Front and center on everyone’s mind is the novel coronavirus. Only now the emphasis has largely shifted from the health aspect to economic fears. Among the devastated industries, the oil market provided perhaps the biggest shock: at one point, prices dipped into negative territory. Naturally, the narrative for Chevron (NYSE:CVX) and Chevron stock has been clouded in pessimism.
At the same time, both domestic and international benchmarks for oil prices have rebounded significantly from this year’s lows. As a result, Chevron stock has enjoyed a huge bump up percentage-wise since the second half of March. Similarly, Chevron’s rivals, such as Exxon Mobil (NYSE:XOM) and ConocoPhillips (NYSE:COP) have benefited from the enthusiasm.
From the headlines, a conspicuous contributor is the soothing of tensions between Saudi Arabia and Russia. At the start of the global coronavirus impact, the two engaged in a bitter price war. Fortunately for the industry, cooler heads eventually prevailed, leading to OPEC nations and their allies hashing out an unprecedented production cut agreement.
Of course, a reduction in supply doesn’t mean much if there is no demand. But on this part of the equation as well, good news has started to filter in. Significantly, most states are now gradually relaxing their stay-at-home restrictions. As people get back to work, we should see an increase in demand for gasoline, which would help support Chevron stock.
Additionally, White House health advisor Dr. Anthony Fauci recently told CNBC that extending shelter-in-place orders for too long could cause “irreparable damage.” For someone who has appeared to contradict President Donald Trump’s eagerness to reopen the economy, this was a surprising take. Nevertheless, it’s a net positive for the oil industry.
Chevron Stock Must Overcome a Wall of Skepticism
Taking cues from the political front, it seems we’re finally getting consensus. We all knew where Trump stood from day one – well, sort of. But with Dr. Fauci seemingly onboard with the idea of reopening the economy (albeit responsibly), CVX stock appears like a viable play on a coming recovery.
However, I wouldn’t get too excited. Though the rise in oil prices – and subsequently Chevron stock – is impressive mathematically, we must also remember the context. Here, we’re talking about percentage gains from dramatically lowered thresholds. It’s getting back to a pre-pandemic normal and then making gains from there that’s the real challenge.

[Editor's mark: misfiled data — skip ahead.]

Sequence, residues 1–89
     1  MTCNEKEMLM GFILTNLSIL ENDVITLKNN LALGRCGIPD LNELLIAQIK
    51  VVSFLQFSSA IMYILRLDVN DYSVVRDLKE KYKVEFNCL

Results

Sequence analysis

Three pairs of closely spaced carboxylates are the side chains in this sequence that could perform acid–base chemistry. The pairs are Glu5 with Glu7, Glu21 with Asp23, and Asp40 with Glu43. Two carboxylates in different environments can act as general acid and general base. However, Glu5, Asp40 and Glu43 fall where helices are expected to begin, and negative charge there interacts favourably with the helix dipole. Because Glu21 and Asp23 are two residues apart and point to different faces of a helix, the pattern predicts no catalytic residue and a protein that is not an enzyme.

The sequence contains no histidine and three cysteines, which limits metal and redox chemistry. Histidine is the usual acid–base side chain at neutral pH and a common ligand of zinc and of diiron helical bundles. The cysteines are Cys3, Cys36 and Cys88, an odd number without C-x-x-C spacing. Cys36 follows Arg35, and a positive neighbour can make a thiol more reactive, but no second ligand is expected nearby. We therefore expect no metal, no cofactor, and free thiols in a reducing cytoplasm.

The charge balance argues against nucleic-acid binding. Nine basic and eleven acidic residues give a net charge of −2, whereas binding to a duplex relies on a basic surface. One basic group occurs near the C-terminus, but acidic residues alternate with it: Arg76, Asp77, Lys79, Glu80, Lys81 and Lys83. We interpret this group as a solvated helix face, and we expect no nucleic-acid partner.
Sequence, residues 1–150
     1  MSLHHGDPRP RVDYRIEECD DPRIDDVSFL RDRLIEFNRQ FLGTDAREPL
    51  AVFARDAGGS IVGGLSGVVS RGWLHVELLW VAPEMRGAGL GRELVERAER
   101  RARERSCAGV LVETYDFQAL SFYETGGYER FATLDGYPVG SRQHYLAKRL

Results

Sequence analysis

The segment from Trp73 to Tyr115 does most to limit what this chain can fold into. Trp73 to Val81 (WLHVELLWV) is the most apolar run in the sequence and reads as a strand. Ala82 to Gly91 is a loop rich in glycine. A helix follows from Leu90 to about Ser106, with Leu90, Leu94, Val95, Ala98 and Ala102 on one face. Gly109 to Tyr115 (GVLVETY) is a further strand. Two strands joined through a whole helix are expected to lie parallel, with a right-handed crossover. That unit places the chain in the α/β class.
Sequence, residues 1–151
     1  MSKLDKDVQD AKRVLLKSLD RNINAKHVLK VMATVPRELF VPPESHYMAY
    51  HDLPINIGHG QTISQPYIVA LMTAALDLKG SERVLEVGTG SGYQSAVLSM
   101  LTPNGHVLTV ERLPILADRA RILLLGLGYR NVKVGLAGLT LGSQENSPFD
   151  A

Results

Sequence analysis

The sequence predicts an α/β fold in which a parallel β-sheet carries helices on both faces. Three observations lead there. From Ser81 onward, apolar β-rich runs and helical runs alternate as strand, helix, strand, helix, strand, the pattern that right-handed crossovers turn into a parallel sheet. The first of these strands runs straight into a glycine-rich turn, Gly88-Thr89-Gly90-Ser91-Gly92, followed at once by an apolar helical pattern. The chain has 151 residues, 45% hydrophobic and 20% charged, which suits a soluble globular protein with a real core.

Whether consumer demand justifies the oil industry considering the challenge remains to be seen. So far, I’m not getting a good read. U.S. Travel Association President and CEO Roger Dow had some very blunt words in a recent news release, stating:
Our national economy is in a recession, but the travel industry is already in a depression…Travel-related businesses have been hit disproportionately hard by the pandemic’s fallout, and unfortunately our workforce is on the front lines of that struggle.
As NPR noted, “The uncertainty is so great, that for the first time in 20 years, AAA is not providing a forecast of how many people will be traveling over the Memorial Day weekend…” Personally, the stay-at-home orders have so messed up my schedule that I had to be reminded about the long weekend. I don’t think I’m the only one who had this experience.
If that wasn’t bad enough for Chevron stock, we don’t have a clear picture of when air travel will resume with some semblance of normal demand. According to Transportation Security Administration checkpoints, the agency screened 318,449 passengers on the Thursday before Memorial Day weekend, down 88% year-over-year.
The Labor Market Will Be the Decider
But if you really want to know where Chevron stock is headed, we only need to look at the obvious, the labor market. If people have jobs, they’ll either drive to work or take public transportation. As well, they’ll travel voluntarily for vacations and other personal functions. Without a robust labor force, you have problems.
However, what’s not obvious is the interpretation of labor market data. In the most recent count, nearly 39 million Americans filed for initial jobless claims over a nine-week period. But for the week ending May 16, 2.4 million filed for such aid. Thus, the number of initial claims has been declining for several consecutive weeks.
Still, you must remember that the big claims came early on in this crisis when the service sector – places of high contact like restaurants and movie theaters – shut down. Now, those businesses are starting to reopen across the country. But because initial jobless claims still number in the millions, that suggests higher-paid, white-collar workers are getting pink slipped.
If so, we could see another downturn in Chevron stock. Ultimately, with so many ugly variables to consider, investors should wait this market out.
A former senior business analyst for Sony Electronics, Josh Enomoto has helped broker major contracts with Fortune Global 500 companies. Over the past several years, he has delivered unique, critical insights for the investment markets, as well as various other industries including legal, construction management, and healthcare. As of this writing, he did not hold a position in any of the aforementioned securities.